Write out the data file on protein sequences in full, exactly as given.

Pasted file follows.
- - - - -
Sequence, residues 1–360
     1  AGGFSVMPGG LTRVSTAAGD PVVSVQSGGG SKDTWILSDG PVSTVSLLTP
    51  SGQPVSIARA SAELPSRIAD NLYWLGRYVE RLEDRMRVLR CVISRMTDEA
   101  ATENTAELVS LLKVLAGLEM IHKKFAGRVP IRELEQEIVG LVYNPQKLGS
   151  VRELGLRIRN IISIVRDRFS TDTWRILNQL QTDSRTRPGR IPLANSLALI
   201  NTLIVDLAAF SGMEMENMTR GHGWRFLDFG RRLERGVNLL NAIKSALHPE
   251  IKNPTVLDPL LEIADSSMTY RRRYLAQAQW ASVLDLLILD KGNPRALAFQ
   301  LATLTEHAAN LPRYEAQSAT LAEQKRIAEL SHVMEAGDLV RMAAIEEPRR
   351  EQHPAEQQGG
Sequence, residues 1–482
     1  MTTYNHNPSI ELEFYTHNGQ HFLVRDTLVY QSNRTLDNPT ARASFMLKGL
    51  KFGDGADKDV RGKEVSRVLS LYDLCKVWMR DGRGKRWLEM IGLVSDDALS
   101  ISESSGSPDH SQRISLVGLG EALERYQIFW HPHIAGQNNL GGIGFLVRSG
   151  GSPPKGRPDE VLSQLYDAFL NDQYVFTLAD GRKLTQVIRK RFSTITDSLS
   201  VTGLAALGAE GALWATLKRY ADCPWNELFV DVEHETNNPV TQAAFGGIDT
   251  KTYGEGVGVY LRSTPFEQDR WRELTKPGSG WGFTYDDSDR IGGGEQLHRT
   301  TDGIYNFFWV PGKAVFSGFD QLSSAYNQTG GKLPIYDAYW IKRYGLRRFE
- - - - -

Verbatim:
Sequence, residues 1–360
     1  AGGFSVMPGG LTRVSTAAGD PVVSVQSGGG SKDTWILSDG PVSTVSLLTP
    51  SGQPVSIARA SAELPSRIAD NLYWLGRYVE RLEDRMRVLR CVISRMTDEA
   101  ATENTAELVS LLKVLAGLEM IHKKFAGRVP IRELEQEIVG LVYNPQKLGS
   151  VRELGLRIRN IISIVRDRFS TDTWRILNQL QTDSRTRPGR IPLANSLALI
   201  NTLIVDLAAF SGMEMENMTR GHGWRFLDFG RRLERGVNLL NAIKSALHPE
   251  IKNPTVLDPL LEIADSSMTY RRRYLAQAQW ASVLDLLILD KGNPRALAFQ
   301  LATLTEHAAN LPRYEAQSAT LAEQKRIAEL SHVMEAGDLV RMAAIEEPRR
   351  EQHPAEQQGG
Sequence, residues 1–482
     1  MTTYNHNPSI ELEFYTHNGQ HFLVRDTLVY QSNRTLDNPT ARASFMLKGL
    51  KFGDGADKDV RGKEVSRVLS LYDLCKVWMR DGRGKRWLEM IGLVSDDALS
   101  ISESSGSPDH SQRISLVGLG EALERYQIFW HPHIAGQNNL GGIGFLVRSG
   151  GSPPKGRPDE VLSQLYDAFL NDQYVFTLAD GRKLTQVIRK RFSTITDSLS
   201  VTGLAALGAE GALWATLKRY ADCPWNELFV DVEHETNNPV TQAAFGGIDT
   251  KTYGEGVGVY LRSTPFEQDR WRELTKPGSG WGFTYDDSDR IGGGEQLHRT
   301  TDGIYNFFWV PGKAVFSGFD QLSSAYNQTG GKLPIYDAYW IKRYGLRRFE